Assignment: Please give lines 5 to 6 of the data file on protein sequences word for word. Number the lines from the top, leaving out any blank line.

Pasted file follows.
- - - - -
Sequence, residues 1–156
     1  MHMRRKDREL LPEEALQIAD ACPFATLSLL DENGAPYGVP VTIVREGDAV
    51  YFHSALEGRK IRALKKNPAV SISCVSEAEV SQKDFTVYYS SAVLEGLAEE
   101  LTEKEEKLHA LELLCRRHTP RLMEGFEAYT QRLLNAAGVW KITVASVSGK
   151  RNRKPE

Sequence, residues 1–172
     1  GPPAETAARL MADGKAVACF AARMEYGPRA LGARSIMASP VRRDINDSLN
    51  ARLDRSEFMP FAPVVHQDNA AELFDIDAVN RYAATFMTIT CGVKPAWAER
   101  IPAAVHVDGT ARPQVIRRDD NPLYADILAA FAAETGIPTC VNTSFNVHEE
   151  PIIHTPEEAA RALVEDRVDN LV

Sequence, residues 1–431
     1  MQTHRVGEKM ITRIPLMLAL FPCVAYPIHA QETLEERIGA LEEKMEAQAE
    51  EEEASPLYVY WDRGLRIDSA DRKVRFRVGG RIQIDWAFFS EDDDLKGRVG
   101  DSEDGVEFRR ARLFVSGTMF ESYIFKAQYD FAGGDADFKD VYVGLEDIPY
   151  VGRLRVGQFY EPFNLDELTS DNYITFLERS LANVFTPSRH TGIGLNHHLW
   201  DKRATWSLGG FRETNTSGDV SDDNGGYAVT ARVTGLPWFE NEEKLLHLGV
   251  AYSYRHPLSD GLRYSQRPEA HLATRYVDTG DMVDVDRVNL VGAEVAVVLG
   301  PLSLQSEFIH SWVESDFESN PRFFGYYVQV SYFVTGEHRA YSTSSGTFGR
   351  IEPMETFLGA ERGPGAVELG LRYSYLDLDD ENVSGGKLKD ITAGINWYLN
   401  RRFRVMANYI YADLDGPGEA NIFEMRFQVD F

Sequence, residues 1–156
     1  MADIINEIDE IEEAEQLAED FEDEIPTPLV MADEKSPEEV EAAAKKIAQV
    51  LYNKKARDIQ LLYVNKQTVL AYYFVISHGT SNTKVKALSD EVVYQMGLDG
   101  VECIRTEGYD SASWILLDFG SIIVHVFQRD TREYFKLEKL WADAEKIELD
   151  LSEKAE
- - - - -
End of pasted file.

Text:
   151  RNRKPE

Sequence, residues 1–172